(the late Republican printer), despite
the protect of the minority against
investigating the doings of a dead
It is probable that the fires of
pnrti8au strife wiil soon blaze fiercely
forth in the House over the White
Lowry election contest from Indiana.
Tho Democratic majority of the Com
mittee on elections have agreed to a
report, recommending the unseating
of White, on the ground that he fail
ed lo become naturalized within the
time specified by the law he being
a native of Scotland. The Committee
further recommended that the seat
be declared vacant, as there was no
Should the B?pubiieans lose the
seat, which is almost certain in the
event of a new election, that party
would be unable to control the India
na delegation, aud thus would lose
their nower to elect a President of
the United States, if the election
should be thrown upon the House.
Thev have but one maiority of the
vote by states. From such a stand
point, this content assumes national
importance and will be one of the
great events of the session.
Aspiring statesmen have showered
tariff bills to the number of three
hundred upon the Ways and Means
Committee. Still the astute member,
whose datv it is to present these
measures, will find little trouble in
separating the wheni from the chaff.
As yet the Louisiana delegation
have been unable to come to an agree
ment as to what shall be done with
suar iu the new tariff bill This
auxiouslv awaited measure, by the
way. is uemg very cureinny consider
ed," and it is thought by those in
position to know most about its
character that it will pass the House
and be satisfactory to the country.
Although the proposition to reduce
letter postage to one ceut had its fate
sealed for the time by an adverse
Senate report, the subject, like Ban
cpio's ghoBt, 'will not dowu". More
penny postage bills are being pre
pared aud will be introduced and
voted upon again during this Con
The Senate has again toted for the
opening of Congress on October loth,
and the closing of the short session
on April the 15th, and also for chang
ing Inauguration day to April 30th.
Should this pass the House, being a
Constitutional amendment, it would
still need to be ratified by three
fourths of the State Legislatures be
fore it could become a law.
Iu the House there is auother bill
which provides that tho Congress
shall open ou the first, Monday in
Jan. and the time of final adjourn
ment shall be at noon on the 31st of
December. This would practically
make a continuous session for the two
years term, with oniy such recesses
as the two Houses might agree to
So it is impossible to know just what
the new law will dually be, but there
is little doubt that the existing order
of things with reference to the official
terms of the President, Vice Presi
dent, Senators and Representatives
will be changed by the present Con
gress. A Serious Hiot.
Hhemasdoai, Pa., Feb. 3. A tre
mendous riot broke out here to-night.
When the miners in collieries which
recently resumed operations quit for
the day, they were attacked by crowds
;f idle miners, principally Polanders,
and were defended by the city police
and officers of the' Coal and Iron Po
lice. In a few minutes the entire
town was in possession of the rioters,
aud any. number of broken heads and
bruised bodies could be found. The
police were overrun by numbers, and
the offices of two Justices of the
Peace were wrecked and ail prisoners
capturod by the officers were libera
ted. The sheriff has sworn in three
fire companies as part of his po&se,
and the city authorities have passed
an order for the enrollment of special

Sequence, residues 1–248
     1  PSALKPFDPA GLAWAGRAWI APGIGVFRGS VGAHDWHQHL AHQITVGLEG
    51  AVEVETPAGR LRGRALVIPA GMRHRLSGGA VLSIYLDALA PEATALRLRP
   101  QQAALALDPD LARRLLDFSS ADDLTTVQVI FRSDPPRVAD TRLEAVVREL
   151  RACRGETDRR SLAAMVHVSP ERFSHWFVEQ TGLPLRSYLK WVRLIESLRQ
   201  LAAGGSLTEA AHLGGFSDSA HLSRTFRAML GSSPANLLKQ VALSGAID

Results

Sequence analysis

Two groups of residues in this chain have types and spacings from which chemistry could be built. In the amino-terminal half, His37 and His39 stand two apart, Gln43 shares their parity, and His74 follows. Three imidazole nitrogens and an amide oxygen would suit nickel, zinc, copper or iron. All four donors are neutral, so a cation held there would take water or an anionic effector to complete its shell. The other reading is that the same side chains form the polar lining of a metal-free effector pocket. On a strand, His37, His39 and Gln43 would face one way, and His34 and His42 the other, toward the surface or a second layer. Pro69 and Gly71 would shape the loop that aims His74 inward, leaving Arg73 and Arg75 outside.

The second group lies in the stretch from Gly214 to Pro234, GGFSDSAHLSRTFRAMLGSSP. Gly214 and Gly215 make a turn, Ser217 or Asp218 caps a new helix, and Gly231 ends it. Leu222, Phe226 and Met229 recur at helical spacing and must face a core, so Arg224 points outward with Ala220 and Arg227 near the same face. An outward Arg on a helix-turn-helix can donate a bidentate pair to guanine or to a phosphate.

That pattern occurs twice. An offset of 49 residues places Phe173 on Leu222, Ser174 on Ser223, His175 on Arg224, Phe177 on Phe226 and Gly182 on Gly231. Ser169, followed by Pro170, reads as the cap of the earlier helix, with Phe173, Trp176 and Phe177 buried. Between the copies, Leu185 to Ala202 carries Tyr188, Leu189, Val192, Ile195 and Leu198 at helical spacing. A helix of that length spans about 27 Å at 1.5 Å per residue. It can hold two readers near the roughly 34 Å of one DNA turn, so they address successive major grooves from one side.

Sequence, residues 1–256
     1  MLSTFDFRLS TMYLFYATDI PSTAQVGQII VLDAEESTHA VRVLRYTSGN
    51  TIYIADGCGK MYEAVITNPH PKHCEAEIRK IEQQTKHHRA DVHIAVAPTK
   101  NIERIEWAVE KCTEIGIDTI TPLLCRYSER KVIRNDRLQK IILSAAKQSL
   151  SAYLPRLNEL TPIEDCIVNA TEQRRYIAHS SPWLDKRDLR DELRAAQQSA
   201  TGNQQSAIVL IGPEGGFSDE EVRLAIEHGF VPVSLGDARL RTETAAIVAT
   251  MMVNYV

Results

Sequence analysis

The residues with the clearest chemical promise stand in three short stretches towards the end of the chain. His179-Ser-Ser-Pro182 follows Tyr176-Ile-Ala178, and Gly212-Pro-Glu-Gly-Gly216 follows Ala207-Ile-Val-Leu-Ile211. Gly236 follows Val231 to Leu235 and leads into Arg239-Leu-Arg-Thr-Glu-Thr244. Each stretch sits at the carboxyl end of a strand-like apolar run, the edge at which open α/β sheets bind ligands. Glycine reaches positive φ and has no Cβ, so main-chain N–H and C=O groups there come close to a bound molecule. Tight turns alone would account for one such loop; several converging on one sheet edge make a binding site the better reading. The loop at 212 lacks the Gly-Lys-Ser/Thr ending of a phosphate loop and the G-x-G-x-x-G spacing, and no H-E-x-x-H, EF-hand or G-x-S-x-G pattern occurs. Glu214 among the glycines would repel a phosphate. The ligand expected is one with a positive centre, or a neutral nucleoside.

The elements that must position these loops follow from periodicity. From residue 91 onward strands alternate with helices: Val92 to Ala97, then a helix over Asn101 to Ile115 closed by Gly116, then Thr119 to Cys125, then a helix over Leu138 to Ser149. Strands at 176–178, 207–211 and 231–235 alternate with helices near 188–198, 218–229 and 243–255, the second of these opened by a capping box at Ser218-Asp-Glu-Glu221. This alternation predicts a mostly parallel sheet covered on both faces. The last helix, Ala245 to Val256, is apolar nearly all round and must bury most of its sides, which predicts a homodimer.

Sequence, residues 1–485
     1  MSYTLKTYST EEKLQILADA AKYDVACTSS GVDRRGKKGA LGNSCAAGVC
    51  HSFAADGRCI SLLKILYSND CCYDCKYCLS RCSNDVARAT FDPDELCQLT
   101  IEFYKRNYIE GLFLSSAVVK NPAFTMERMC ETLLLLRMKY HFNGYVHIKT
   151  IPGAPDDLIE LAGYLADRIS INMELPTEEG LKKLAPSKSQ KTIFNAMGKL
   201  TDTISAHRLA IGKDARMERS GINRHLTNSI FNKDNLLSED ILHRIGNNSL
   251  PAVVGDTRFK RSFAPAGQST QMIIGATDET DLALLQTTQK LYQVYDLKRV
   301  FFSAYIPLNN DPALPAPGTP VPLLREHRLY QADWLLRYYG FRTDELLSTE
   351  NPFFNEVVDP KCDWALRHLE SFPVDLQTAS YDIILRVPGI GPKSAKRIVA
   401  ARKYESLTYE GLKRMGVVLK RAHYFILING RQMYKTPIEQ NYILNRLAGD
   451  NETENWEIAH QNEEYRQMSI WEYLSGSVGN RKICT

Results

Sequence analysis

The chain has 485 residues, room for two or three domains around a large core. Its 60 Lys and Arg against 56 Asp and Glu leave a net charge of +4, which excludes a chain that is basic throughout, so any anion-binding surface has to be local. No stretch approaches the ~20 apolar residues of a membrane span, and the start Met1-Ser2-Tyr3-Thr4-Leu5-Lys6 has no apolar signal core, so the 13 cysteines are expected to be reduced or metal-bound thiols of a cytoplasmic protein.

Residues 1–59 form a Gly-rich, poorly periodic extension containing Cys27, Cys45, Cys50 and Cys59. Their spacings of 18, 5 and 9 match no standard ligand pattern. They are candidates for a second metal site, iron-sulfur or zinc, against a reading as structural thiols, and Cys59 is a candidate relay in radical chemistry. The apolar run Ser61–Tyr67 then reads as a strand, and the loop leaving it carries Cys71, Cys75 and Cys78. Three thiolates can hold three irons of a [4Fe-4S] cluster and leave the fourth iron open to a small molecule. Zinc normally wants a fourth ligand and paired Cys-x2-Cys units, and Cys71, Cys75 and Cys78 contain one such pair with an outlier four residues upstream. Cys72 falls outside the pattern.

officers. Nobody has been killed, so
far as is known, although pistols were
used freely by the mob.
Pittsburg, February 6. There has
been no further trouble at the Solon
iron works since the serious outbreak
on Saturday. The mill was closed
yesterday, but was started up this
morning with an increased force of
non-union men. Over one hundred
men, all of them colored, are now at
work, and the firm expect to hare
ei ery department in operation within
the next few days. The mills and
yards are closely guarded by sentinels
and policemen, tnduo person, not
even a boy, i3 allowed upon the prem
ises, unless he can provo he has busi
ness there. The strikers are very bit
ter, and another collision is feared
when the non-TJnion men leave., the
mill this evening. Those in authority
and those who have the coolest heads
advise the working men not to molest
nor interfere with the colored men.
but others cry for revenge. They
threaten death to the non-Union men,
and hint at the firing of tlm mill
Messrs. Hargrave & Alexander, of
Charlotte,- and Jackson & Shaw, Of
Carthsgo, tmv iv3e assignments
Her Head iu a Lion's Mouth.
Twwnv. Feh4.At the conclusion
of the performance lit Loweys Musie
Hall, in-Dublin, last night, Mller
Sinede, one of the performers, placea (
;k3r head in a lion's nioota tor me i
Ke-!pnrp08e 0f having her photograpn .
I tftken fa that position. A sadden
a aii LecAoA irt lififttinc him
01 1!4 iiiiaiij duuvov. ... 0 w
but she is still alive.
A Horrible Tragedy
Nifw York, Feb. 4. A Macon, Ga.,
rtAfml hays 1 In Baker county, a
young man went to the house of Amos ;
Grant, a colored fanner. Finding all j
quiet and the bouse closed, be looked ; canneries here, and we believe mat
around for the cause, and found the I there are persons here in town who
body of Graot hanging from a rope are disposed to invest money in the
thrown over a projecting joist iu rear business. Why cannot we have
of the house Inside he found Grant's 1 gome canning factories in Chatham ?
wife's body, in bed, and her. head Ed Reooiid.
crushed into a jelly as if by a club. I Statesville Landmark : Some fun
On the floor was the body of the :Uy errors are made by the tax listers,
wife's sister. Further over waa the; We hear of an old ladv. 12 vears old.
body of Grant's 15-year old son. The
theorv is that as Grant whs a hard
task master, his wife was about to j
leave him, and that Grant, frenzied
by the thought of her departure,
took a club and brained them all
while they slept, and then committed